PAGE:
Don’t blame Home Care for Maine’s closure on Gov. Mills’ budget.

I worked there from 2005 to 2009. While there, several colleagues and I shared our stories with the Legislature about low wages, lack of health insurance and the care we provided to elders in our communities. We asked the Legislature to increase reimbursement rates.

Back then there were several workforce studies and work groups conducted, to no avail. In 2009, because of four bills addressing long-term care through home- and community-based care waivers, the Legislature ordered the Department of Health and Human Services to study these. It became the Lean work group. I participated. Recommendations were made and a report went back to the Legislature in early 2010. Again, to no avail.

More recently, another study of the workforce was launched. Having left certified nursing assistant-personal support specialist work because I made around $18,000 annually, I told the director of Maine Council on Aging that this was a waste of time and money. Another study was not needed.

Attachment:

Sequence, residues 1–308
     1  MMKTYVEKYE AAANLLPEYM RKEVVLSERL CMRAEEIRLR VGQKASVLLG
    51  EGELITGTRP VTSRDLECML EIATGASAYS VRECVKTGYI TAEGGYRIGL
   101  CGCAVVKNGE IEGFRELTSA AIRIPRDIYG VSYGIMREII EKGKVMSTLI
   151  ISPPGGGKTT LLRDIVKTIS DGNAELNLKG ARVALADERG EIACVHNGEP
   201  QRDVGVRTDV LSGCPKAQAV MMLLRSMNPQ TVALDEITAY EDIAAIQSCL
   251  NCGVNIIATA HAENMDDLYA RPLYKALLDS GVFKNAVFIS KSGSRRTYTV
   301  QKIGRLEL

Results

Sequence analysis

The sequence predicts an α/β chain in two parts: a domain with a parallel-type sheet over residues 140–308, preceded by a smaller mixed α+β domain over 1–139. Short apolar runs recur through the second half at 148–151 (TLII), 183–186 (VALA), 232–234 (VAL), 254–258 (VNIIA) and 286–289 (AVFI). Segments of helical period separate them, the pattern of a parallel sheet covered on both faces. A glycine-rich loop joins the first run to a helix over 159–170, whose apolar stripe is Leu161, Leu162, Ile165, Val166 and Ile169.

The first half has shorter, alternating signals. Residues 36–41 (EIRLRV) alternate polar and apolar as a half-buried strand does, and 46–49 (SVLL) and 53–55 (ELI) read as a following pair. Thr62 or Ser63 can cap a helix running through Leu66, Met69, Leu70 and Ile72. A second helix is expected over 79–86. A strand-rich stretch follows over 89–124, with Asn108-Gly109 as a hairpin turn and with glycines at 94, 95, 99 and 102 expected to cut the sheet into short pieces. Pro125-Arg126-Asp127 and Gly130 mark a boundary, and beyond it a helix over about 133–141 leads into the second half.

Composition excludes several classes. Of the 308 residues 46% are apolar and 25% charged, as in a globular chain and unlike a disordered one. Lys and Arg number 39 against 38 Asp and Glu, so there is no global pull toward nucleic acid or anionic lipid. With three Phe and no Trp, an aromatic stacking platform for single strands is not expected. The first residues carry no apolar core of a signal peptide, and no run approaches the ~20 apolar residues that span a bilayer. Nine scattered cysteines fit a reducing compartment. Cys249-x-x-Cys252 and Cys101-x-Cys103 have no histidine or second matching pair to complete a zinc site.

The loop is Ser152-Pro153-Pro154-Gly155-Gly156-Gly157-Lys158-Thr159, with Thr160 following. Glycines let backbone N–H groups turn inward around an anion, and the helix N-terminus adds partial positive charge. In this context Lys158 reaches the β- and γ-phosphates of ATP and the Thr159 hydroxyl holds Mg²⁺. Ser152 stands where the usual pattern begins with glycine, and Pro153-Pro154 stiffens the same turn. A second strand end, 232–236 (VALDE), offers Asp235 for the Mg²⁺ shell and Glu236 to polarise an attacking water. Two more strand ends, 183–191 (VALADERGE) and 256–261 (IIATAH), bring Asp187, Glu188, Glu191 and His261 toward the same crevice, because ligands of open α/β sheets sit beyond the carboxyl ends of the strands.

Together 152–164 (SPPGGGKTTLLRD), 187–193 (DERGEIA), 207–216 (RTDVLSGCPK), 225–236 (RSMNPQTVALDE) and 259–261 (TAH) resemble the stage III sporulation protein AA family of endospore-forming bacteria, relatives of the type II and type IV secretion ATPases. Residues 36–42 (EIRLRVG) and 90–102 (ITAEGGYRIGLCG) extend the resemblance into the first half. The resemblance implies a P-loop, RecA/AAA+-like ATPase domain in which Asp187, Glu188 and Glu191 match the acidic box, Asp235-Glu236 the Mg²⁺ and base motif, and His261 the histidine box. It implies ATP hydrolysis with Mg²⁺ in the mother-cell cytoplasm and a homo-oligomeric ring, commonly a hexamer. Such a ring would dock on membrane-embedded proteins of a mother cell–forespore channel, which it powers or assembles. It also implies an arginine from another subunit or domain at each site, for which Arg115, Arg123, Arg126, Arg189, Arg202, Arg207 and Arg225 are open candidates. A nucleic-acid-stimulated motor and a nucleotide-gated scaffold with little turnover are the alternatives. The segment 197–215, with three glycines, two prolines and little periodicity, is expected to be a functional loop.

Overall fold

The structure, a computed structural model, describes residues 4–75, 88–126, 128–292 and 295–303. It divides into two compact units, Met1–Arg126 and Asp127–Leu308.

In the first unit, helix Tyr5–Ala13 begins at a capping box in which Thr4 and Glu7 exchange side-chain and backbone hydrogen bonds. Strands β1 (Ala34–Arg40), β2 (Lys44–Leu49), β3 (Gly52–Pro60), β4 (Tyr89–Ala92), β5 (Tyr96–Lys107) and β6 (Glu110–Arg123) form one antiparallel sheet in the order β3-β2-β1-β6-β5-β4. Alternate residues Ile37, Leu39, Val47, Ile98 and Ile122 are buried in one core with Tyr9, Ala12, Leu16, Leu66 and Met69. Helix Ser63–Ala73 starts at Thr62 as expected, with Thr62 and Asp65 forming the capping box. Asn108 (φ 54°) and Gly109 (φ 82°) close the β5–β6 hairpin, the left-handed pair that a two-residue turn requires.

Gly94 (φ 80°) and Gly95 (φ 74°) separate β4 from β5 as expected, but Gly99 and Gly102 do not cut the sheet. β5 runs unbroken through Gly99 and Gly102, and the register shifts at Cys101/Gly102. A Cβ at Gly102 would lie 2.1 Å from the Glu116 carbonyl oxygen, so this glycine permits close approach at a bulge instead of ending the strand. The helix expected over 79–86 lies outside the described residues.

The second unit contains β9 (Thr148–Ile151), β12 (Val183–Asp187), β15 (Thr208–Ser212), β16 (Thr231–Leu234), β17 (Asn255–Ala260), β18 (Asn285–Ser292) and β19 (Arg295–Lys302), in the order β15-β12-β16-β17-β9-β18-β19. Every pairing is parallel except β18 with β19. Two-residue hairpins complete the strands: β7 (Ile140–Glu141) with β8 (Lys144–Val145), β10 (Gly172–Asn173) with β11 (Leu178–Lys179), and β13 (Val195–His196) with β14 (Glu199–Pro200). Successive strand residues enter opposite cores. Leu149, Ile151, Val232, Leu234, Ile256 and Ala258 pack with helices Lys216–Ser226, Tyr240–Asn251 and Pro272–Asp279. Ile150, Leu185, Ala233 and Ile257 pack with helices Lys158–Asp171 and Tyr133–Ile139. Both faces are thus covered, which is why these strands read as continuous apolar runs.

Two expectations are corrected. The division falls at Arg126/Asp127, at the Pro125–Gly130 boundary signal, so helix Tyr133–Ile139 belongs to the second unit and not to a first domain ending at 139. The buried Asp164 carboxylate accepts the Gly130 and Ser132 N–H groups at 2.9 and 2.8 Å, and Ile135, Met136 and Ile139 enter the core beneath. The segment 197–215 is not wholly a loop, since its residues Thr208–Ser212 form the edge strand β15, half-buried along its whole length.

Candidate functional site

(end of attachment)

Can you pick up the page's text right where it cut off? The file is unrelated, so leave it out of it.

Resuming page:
Wages remain low, many employers don’t offer health insurance and the work is grueling but rewarding in ways beyond the pocketbook.

Do the research. You’ll see the hearings, work sessions and work groups. You’ll see the 2009 Lean work. My name appears with testimony in those hearings, appears as a member of those work groups. I was Helen M. Hanson then.

Home Care for Maine’s closing illustrates the long-term failure of the Legislature, Republicans and Democrats, to support Maine’s elders and those with disabilities and the workforce that cares for them.

Helen Roy

China


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